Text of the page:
•  Single proprietorship with branches

Hence, the 2016 ASPBI covered only the following economic units:

  • All establishments with total employment (TE) of 10 or more, and;
  • All establishments with TE of less than 10, except those establishments with Legal Organization = 1 (single proprietorship) and Economic Organization = 1 (single establishment), that are engaged in economic activities classified according to the 2009 Philippine Standard Industrial Classification (PSIC).

Frame of Establishments

The frame for the 2016 ASPBI was extracted from the 2016 List of Establishments (LE). The estimated number of establishments in operation in the country in 2016 totaled to 902,213. About 294,494 establishments (32.6% of the total establishments) belong to the formal sector of which 255,403 (86.7%) comprised the frame of the survey. This frame was used to draw the sample establishments for the survey.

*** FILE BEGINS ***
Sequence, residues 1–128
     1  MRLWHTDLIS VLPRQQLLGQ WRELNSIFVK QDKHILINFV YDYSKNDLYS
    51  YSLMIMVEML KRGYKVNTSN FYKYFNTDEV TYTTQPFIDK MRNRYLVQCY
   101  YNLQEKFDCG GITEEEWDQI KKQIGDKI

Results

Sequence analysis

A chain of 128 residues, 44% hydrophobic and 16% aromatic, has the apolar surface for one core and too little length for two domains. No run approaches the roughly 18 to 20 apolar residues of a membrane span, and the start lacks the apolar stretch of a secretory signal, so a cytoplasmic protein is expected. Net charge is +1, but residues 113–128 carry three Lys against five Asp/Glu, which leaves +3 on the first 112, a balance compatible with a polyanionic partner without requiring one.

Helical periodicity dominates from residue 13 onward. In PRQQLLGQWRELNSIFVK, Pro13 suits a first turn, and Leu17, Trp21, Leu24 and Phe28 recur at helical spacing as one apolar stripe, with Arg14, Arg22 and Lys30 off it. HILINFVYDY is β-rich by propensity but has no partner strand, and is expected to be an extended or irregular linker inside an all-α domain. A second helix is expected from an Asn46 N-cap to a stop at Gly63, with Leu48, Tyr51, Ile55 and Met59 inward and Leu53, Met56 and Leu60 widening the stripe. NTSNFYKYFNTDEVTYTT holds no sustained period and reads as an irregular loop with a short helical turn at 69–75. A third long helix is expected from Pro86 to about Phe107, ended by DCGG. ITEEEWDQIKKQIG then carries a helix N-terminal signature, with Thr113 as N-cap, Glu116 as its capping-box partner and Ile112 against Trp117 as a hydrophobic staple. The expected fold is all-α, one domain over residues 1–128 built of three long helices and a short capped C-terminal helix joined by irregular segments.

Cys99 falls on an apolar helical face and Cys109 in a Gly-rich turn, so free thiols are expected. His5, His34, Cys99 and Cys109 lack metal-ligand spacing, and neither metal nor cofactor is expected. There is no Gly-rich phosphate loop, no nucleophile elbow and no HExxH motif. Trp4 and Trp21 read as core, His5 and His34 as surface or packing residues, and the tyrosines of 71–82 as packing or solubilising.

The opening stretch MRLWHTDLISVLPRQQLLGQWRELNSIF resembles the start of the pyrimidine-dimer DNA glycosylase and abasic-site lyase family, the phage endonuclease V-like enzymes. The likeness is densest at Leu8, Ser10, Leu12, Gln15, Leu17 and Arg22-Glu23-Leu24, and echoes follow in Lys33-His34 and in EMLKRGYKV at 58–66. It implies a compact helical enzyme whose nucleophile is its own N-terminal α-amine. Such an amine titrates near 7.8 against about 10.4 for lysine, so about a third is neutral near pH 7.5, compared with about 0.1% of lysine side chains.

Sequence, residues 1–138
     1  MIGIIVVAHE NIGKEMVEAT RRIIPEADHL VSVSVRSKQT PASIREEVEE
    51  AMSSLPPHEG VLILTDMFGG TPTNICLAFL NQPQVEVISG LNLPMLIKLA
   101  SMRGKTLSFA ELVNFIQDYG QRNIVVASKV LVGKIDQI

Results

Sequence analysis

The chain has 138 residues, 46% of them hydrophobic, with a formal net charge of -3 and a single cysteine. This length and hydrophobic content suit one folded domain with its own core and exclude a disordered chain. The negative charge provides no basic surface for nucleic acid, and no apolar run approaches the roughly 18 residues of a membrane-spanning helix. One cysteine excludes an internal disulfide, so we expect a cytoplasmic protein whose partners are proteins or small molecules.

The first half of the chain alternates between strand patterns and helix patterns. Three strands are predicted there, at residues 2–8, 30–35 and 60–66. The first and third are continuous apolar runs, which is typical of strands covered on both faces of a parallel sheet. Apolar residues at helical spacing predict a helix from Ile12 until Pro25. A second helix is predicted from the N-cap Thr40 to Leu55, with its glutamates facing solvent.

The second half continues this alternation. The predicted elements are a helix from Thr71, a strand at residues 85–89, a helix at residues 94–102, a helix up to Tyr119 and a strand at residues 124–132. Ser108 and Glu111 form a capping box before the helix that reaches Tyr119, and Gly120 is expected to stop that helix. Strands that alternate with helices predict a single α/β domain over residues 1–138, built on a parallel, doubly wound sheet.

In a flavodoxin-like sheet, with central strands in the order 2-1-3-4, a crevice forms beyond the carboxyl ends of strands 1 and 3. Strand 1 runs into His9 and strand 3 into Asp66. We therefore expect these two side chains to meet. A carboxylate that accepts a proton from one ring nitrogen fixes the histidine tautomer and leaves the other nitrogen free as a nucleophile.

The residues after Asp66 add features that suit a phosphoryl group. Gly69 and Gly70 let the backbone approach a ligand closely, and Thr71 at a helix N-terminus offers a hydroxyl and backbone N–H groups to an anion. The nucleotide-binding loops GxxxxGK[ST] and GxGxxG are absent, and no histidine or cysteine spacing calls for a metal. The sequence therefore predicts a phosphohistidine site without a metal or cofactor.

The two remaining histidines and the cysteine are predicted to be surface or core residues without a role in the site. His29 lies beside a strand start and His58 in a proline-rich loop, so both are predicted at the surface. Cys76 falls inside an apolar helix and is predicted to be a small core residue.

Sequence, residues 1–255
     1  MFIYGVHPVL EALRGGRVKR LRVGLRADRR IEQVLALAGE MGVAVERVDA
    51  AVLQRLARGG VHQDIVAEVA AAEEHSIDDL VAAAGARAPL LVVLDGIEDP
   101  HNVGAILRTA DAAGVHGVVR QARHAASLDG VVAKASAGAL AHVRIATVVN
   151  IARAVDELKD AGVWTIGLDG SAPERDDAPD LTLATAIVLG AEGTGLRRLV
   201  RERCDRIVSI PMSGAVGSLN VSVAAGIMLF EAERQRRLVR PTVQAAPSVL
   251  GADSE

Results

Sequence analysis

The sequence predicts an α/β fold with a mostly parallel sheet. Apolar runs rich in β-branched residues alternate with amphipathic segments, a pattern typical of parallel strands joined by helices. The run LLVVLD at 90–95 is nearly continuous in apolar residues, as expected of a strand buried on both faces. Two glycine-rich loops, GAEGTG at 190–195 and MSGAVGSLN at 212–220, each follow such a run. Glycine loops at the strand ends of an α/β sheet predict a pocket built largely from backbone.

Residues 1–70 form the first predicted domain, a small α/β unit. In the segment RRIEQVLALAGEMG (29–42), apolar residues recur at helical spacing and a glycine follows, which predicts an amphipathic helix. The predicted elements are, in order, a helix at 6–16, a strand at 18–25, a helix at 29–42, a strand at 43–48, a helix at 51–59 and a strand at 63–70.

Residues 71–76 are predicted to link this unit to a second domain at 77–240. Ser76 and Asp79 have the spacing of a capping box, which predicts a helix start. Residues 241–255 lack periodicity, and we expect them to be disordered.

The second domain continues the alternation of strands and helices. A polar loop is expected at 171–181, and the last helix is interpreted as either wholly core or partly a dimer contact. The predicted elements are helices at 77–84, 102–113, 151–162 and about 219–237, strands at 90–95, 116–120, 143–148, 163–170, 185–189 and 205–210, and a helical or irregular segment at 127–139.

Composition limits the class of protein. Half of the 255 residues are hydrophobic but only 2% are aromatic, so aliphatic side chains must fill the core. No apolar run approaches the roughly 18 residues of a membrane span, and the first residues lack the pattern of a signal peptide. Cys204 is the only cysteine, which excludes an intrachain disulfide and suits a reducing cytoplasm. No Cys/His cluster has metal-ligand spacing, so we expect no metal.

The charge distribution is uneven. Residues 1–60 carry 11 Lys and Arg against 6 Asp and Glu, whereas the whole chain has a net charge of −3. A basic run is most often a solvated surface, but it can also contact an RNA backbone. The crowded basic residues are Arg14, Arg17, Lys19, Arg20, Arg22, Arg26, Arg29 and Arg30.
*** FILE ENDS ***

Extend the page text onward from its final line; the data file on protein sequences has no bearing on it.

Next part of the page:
Unit of Enumeration

The unit of enumeration for the 2016 ASPBI is the establishment. An establishment is defined as an economic unit under a single ownership or control which engages in one or predominantly one kind of activity at a single fixed location.

Taxonomy of Establishments

An establishment is categorized by its economic organization, legal organization, industrial classification, employment size and geographic location.

Economic Organization refers to the organizational structure or role of the establishment in the organization. An establishment may be single establishment, branch, establishment and main office with branches elsewhere, main office only, and ancillary unit other than main office. 

Legal Organization refers to the legal form of the economic entity which owns the establishment. An establishment may be single proprietorship, partnership, government corporation, stock corporation, non-stock corporation, and cooperative.